By Kiara Harlow
So it happened! A motherhood dream came true! I took my kids to old school camp, and it was FABULOUS! We decided on the End of Summer Family Camp at YMCA Camp Greenville with our neighbors. It’s an easy two hour drive from Charlotte (to Greenville, S.C.) and feels a world away! What made it so great, you ask?
1. It’s a true electronics getaway.
There is nothing luxurious about family camp (although we did upgrade to the largest, air conditioned cabin) but as soon as you turn off the main road at the base of the mountain, there is no cell service. And the only wifi is within 30 feet of the camp store. So if family time “away from it all” is what the doctor ordered, then family camp might be for you!
It’s not as rough as camping nor as luxurious as glamping, but it conjured all the 2000s summer sleepaway camp vibes. It was really sweet to spend unadulterated time with my kids — no neon glow on their faces from iPads, no arguing over what to watch on TV, no asking Alexa 10,000 silly questions a day. And it was nice to have nights with my husband that didn’t include sending memes back and forth.
2. It’s old school fun.
My 3-year-old swam in a lake for the first time. The boys tried their hand at archery, shot BB guns, went canoeing, and traversed high ropes courses. They spent their evenings bouncing on “The Blob,” riding bikes by flashlight, and roasting s’mores over a roaring bonfire. We played cards and charades until our eyelids were too heavy to hold open, then laid down on our bunks in our sleeping bags.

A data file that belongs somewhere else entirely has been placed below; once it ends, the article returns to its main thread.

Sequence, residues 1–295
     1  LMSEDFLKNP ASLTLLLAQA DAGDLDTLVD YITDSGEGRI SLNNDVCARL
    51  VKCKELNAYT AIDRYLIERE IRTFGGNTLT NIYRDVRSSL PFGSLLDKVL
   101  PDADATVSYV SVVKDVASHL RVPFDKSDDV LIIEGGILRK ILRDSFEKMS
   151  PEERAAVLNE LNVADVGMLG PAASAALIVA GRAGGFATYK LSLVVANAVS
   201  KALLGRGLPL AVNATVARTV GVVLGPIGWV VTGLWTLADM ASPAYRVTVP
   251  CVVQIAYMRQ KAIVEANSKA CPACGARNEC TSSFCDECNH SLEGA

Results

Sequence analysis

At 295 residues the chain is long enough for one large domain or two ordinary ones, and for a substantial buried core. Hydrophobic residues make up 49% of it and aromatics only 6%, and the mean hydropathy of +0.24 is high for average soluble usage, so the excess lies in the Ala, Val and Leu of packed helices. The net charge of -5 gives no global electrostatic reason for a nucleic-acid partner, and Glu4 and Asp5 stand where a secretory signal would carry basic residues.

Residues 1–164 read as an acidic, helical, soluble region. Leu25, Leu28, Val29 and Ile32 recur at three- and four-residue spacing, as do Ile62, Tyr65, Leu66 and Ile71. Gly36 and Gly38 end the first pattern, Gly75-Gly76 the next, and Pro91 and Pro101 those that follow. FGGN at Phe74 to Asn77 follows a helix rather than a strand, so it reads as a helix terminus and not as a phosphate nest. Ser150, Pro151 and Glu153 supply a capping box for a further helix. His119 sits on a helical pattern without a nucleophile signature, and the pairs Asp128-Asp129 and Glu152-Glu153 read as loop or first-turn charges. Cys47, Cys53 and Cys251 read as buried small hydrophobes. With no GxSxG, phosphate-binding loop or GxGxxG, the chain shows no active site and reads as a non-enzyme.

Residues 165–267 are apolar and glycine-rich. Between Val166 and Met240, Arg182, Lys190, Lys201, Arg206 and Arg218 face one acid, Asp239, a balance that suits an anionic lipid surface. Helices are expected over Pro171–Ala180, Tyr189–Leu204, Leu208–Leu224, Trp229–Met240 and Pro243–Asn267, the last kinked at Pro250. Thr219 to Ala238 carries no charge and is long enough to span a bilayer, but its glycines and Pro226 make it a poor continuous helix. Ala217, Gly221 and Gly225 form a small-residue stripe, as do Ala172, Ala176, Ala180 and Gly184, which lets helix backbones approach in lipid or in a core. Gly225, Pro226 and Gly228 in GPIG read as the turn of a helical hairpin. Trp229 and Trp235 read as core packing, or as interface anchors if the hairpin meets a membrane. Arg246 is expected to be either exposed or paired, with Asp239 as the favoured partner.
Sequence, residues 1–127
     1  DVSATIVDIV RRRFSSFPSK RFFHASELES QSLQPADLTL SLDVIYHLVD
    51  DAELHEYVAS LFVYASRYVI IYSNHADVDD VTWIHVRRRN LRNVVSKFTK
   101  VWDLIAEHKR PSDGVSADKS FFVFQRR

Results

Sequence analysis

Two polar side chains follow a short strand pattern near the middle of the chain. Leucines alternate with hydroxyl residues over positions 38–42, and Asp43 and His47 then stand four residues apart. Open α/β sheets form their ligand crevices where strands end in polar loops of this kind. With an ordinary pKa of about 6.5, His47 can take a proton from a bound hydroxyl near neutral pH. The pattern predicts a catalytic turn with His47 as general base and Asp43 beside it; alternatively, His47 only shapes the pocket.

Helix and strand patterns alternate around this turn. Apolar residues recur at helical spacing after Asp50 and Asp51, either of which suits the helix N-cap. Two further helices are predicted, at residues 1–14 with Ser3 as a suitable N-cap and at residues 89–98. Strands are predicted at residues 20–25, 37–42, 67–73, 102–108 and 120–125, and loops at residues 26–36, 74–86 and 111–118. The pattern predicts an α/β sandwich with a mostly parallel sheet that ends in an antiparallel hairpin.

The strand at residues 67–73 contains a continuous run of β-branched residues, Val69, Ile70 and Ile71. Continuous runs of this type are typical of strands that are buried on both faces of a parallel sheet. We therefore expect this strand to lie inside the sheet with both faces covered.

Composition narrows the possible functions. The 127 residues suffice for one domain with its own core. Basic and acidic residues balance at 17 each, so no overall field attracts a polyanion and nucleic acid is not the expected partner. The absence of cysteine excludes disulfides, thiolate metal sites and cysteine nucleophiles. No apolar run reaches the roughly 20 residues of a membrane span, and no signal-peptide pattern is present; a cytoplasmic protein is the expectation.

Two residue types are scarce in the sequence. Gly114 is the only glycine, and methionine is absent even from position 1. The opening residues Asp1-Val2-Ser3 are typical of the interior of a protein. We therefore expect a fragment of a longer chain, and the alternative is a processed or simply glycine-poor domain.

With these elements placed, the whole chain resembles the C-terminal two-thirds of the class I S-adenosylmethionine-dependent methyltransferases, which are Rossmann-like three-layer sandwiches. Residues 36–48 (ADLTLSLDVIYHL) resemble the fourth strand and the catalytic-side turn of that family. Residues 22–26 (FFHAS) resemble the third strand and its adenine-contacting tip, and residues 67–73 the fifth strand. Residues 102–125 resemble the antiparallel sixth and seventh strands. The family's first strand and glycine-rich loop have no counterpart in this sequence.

3. It gave our city kids a chance to experience more independence.
A negative byproduct of raising kids in the city is that there are lots of safety pitfalls close at hand. So my style is forced to be very much motherhood smotherhood. (Those of you who’ve met me know I push it to the absolute limit, but still!) Camp allowed them the freedom to roam and wander.
I grew up in rural South Carolina, and wandering with my friends was one of my favorite things to do as a kid. At camp, they could ride their bikes from our cabin to the mess hall, through thickets and along hilly trails. We allowed them to keep track of the time and meet us at the next activity point, requiring them to read signs and orient themselves. Don’t worry —we kept an eye on them (one adult in our two-family group always signed up to discreetly monitor our gaggle of kids, ages 3-11.) They loved the independence and the opportunity to show us how capable they are. And we loved learning that they haven’t lost their sense of wonder in the natural world.
We all left camp feeling happy, exhausted, and even closer to one another than we came. And isn’t that the purpose of any family vacation with little kids? I’ve given up on feeling “rejuvenated,” but making memories and strengthening the bonds with my kids, husband, and friends, is top notch.